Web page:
Today, IBM is revealing the results of its X-Force 2013 Mid-Year Trend and Risk Report, which shows that Chief Information Security Officers (CISOs) must increase their knowledge of the evolving vulnerability and attack landscape, such as mobile and social technologies, to more effectively combat emerging security threats.
For CISOs, it’s no surprise that tried and true attack tactics can cause the most damage to an enterprise. Known vulnerabilities left unpatched in Web applications and server and endpoint software, create opportunities for attacks to occur. These unpatched applications and software continue to be facilitators of breaches year after year. However, the latest X-Force report also recognizes that attackers are improving their skills, which allows them to increase their return on exploitation. These attackers are capitalizing on users’ trust when it comes to new vectors like social media, mobile technology and waterhole attacks.
Rise in exploitation of trusted relationships
At the mid-year of 2013, attackers continue to focus on exploiting trusted relationships, via social networks from professional-looking spam, to sending malicious links that appear to be from friends or people that you “follow.” These attacks do work, providing an entry point into organizations. In their defense, social networks have taken more proactive measures in pre-scanning links included in public and private posts/messages.
Criminals are selling accounts on social networking sites, some belonging to actual people whose credentials were compromised, others fabricated and designed to be credible through realistic profiles and a Web of connections. As a minimum they function to inflate page “likes’ or falsify reviews; though more insidious uses include hiding one’s identity to conduct criminal activities – the online equivalent of a fake ID, but with testimonial friends, adding to the deception.
IBM X-Force expects to see applications of social engineering become more sophisticated as attackers create complex internetworks of identities while refining the art of deceiving victims. Technology advancements and controls are available, best practices continue to be refined and taught, but ultimately the trust the user believes they have may circumvent anything security practitioners put in place.
Poisoning the waterhole
Poisoning the WaterholeAttackers focusing on a central, strategic target like special interest Websites that are heavily frequented by a select group of potential targets are an effective and optimized means of exploitation. These central targets may not always have strong security solution and policies deployed, and even if they do, the cost of figuring out how to get through them is worth the opportunity to compromise the user-base.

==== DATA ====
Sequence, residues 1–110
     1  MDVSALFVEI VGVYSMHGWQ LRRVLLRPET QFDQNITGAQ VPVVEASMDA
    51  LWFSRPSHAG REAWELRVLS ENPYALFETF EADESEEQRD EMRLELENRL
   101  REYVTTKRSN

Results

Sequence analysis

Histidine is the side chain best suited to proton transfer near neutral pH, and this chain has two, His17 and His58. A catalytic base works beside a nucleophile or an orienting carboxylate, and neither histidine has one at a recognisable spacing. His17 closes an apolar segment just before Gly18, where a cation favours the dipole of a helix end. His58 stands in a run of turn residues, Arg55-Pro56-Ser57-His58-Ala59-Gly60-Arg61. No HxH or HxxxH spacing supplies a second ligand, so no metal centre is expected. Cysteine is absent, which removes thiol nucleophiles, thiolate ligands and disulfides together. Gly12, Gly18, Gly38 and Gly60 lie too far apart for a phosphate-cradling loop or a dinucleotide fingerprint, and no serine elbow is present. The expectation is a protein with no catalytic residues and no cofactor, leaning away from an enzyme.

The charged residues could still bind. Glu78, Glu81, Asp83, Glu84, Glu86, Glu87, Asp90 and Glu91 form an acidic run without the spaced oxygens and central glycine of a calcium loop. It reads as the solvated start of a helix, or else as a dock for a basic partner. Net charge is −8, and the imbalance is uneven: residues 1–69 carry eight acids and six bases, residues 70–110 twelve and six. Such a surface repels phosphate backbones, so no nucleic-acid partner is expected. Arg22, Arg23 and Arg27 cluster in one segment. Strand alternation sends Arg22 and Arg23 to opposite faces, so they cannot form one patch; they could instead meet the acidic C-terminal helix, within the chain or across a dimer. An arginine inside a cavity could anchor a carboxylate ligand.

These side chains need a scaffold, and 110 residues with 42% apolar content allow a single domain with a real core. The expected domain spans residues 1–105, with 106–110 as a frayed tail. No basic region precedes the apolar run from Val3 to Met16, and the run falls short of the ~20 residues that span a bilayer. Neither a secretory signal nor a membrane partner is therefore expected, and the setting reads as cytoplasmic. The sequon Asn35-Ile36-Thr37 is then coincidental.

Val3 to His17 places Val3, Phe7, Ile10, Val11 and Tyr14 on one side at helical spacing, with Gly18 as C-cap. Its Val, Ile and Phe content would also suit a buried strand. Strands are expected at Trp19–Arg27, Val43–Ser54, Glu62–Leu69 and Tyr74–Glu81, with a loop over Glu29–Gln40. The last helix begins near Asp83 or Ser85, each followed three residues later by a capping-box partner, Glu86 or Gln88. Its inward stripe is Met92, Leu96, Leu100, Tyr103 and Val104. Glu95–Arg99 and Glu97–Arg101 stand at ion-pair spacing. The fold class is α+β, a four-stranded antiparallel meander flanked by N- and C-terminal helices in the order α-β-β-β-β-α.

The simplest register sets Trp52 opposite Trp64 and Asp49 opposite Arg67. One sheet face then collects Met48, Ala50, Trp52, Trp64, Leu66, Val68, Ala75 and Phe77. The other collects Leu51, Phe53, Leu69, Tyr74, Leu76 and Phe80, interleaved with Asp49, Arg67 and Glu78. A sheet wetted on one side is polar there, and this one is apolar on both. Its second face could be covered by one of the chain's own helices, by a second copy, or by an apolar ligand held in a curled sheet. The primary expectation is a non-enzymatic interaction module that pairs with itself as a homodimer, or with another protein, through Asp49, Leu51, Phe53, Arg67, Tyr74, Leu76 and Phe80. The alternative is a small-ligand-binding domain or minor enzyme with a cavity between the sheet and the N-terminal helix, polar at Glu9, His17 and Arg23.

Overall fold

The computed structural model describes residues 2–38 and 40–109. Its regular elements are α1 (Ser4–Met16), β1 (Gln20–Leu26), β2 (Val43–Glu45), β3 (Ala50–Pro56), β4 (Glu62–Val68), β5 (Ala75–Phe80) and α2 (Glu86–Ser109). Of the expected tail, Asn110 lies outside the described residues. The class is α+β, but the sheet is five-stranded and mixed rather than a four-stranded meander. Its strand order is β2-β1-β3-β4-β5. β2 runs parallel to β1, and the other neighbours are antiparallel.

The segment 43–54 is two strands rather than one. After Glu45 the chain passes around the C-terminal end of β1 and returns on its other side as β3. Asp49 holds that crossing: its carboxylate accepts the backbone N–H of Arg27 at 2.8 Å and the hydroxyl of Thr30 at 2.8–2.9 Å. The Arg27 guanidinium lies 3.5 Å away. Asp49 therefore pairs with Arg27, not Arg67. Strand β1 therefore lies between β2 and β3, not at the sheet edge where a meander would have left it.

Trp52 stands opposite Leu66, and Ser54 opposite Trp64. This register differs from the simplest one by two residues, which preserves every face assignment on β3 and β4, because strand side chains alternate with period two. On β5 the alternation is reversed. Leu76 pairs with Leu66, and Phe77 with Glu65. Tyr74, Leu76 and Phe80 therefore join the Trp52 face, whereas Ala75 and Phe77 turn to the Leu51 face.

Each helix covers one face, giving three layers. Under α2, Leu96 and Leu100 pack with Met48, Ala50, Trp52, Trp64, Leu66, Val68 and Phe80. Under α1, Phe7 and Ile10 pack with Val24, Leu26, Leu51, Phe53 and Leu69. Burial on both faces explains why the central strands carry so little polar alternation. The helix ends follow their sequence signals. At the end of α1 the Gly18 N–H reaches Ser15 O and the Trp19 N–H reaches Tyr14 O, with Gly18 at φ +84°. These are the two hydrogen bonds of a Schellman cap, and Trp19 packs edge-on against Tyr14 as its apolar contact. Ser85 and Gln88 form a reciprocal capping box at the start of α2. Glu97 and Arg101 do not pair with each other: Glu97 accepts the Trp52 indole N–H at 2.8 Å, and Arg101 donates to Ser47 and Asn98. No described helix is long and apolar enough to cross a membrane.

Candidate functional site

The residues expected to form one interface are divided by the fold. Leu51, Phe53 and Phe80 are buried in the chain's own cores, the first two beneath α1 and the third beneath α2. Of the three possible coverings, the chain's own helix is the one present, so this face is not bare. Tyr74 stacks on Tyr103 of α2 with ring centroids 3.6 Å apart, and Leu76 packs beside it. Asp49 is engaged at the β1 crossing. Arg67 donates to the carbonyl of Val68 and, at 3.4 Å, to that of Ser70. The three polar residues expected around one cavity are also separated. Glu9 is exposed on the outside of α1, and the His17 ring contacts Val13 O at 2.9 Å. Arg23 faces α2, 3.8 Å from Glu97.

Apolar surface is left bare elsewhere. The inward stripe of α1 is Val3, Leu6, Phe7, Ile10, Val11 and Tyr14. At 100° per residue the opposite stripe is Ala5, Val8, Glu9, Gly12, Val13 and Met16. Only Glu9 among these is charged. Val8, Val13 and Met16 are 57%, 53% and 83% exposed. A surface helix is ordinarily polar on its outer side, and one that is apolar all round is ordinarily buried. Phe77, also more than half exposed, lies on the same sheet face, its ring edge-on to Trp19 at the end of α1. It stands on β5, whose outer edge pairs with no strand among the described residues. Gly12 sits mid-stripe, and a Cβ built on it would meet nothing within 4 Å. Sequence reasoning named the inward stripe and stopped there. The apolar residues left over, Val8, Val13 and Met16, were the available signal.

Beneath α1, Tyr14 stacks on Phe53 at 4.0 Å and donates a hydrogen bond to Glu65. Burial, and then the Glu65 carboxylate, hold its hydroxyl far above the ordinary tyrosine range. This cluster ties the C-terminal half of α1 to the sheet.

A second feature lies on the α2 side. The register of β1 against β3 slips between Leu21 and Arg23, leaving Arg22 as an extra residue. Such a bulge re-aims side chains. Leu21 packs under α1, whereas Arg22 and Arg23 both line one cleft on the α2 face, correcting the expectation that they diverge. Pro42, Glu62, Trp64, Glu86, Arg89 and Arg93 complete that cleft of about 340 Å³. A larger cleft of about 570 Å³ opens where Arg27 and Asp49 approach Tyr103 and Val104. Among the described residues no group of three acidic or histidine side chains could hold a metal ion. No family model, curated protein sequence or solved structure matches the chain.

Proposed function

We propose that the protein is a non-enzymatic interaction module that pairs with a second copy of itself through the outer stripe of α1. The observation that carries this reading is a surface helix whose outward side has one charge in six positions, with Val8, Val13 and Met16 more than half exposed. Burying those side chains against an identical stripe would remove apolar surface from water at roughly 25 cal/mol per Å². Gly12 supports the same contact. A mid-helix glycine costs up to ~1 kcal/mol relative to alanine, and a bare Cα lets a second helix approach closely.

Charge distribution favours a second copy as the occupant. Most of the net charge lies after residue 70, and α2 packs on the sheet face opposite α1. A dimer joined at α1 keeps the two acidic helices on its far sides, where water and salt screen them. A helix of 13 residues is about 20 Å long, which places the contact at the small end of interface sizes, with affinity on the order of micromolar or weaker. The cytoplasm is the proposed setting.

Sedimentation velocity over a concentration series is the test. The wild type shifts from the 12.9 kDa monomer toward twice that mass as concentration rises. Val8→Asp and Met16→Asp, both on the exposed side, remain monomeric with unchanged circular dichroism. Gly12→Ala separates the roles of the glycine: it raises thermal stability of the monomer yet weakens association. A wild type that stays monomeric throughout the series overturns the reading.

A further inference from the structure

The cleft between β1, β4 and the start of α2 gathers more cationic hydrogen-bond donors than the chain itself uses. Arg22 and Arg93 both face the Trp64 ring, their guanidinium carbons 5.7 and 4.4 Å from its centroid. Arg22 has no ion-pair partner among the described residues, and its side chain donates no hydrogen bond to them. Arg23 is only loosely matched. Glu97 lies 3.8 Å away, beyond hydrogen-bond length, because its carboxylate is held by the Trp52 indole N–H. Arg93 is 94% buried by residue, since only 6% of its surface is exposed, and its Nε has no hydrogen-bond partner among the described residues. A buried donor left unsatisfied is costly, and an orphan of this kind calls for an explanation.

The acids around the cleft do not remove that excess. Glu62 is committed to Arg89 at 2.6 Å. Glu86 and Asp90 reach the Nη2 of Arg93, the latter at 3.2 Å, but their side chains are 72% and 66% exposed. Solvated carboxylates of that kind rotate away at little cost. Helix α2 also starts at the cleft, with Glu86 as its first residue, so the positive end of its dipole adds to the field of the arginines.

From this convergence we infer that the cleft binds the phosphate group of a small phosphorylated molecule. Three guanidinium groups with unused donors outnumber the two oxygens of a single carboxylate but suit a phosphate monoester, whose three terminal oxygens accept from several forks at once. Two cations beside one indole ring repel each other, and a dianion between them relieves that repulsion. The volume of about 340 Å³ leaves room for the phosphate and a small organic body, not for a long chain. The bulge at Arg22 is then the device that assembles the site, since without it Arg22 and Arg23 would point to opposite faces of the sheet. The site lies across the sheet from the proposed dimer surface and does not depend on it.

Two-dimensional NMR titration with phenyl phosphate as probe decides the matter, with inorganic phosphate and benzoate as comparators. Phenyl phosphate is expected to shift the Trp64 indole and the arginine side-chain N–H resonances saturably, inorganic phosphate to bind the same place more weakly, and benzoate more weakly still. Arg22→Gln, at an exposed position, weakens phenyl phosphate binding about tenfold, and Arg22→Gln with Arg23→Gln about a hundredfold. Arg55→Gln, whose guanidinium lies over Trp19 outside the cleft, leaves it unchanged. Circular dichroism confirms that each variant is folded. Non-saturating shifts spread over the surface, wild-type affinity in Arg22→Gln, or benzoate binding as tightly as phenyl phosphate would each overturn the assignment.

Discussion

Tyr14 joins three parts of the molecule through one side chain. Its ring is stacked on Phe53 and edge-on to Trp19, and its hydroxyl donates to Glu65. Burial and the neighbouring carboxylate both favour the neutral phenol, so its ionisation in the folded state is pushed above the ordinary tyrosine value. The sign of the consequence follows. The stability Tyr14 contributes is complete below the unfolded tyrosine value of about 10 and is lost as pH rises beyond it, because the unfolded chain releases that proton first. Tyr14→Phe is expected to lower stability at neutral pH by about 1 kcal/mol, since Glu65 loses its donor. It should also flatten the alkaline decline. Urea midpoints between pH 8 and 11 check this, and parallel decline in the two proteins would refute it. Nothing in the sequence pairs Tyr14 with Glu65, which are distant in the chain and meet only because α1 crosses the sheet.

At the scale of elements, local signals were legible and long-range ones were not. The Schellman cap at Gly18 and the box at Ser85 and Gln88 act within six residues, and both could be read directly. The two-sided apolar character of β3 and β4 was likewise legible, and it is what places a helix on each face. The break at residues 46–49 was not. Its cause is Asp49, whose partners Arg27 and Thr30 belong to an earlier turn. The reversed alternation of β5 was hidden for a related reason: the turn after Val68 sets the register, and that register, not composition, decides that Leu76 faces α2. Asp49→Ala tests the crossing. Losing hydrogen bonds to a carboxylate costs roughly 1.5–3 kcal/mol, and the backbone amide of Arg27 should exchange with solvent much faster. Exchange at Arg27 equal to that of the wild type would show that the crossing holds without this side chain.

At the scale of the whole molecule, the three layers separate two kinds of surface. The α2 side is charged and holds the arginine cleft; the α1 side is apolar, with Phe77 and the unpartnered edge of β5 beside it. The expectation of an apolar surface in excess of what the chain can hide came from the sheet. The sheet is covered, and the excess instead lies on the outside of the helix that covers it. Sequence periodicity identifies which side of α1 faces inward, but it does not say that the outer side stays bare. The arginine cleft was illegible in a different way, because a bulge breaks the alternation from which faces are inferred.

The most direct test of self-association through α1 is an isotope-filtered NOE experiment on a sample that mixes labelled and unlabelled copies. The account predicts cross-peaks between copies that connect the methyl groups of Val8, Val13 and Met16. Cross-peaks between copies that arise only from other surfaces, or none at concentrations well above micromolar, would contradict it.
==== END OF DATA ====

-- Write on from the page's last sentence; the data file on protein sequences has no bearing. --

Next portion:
These “watering hole” attacks are a great example of how operational sophistication is being used to reach targets not previously susceptible. By compromising the central site and using it to serve malware, attackers are able to reach more technically savvy victims who may not be fooled in phishing attempts, but would not suspect that sites they trust could be malicious.
Distraction and diversion techniques
Distributed-Denial-of-Service (DDoS) attacks can be used as a distraction, allowing attackers to breach other systems in the enterprise while IT staffs are forced to make difficult risk-based decisions, possibly without visibility of the full scope of what is occurring. Attackers have demonstrated enhanced technical sophistication in the area of DDoS using methods of increasing the amounts of capable bandwidth as an updated and powerful way to halt business by interrupting online service as well as new DDoS mitigation evasion techniques.
As the scope and frequency of data breaches continues in an upward trajectory, it is more important than ever to get back to basic security fundamentals. While technical mitigation is a necessity, educating users throughout the enterprise that security is a mindset, not an exception, can go a long way toward reducing these incidents.
The complete report is available here.
Author: Robert Freeman, Manager of X-Force Research, IBM.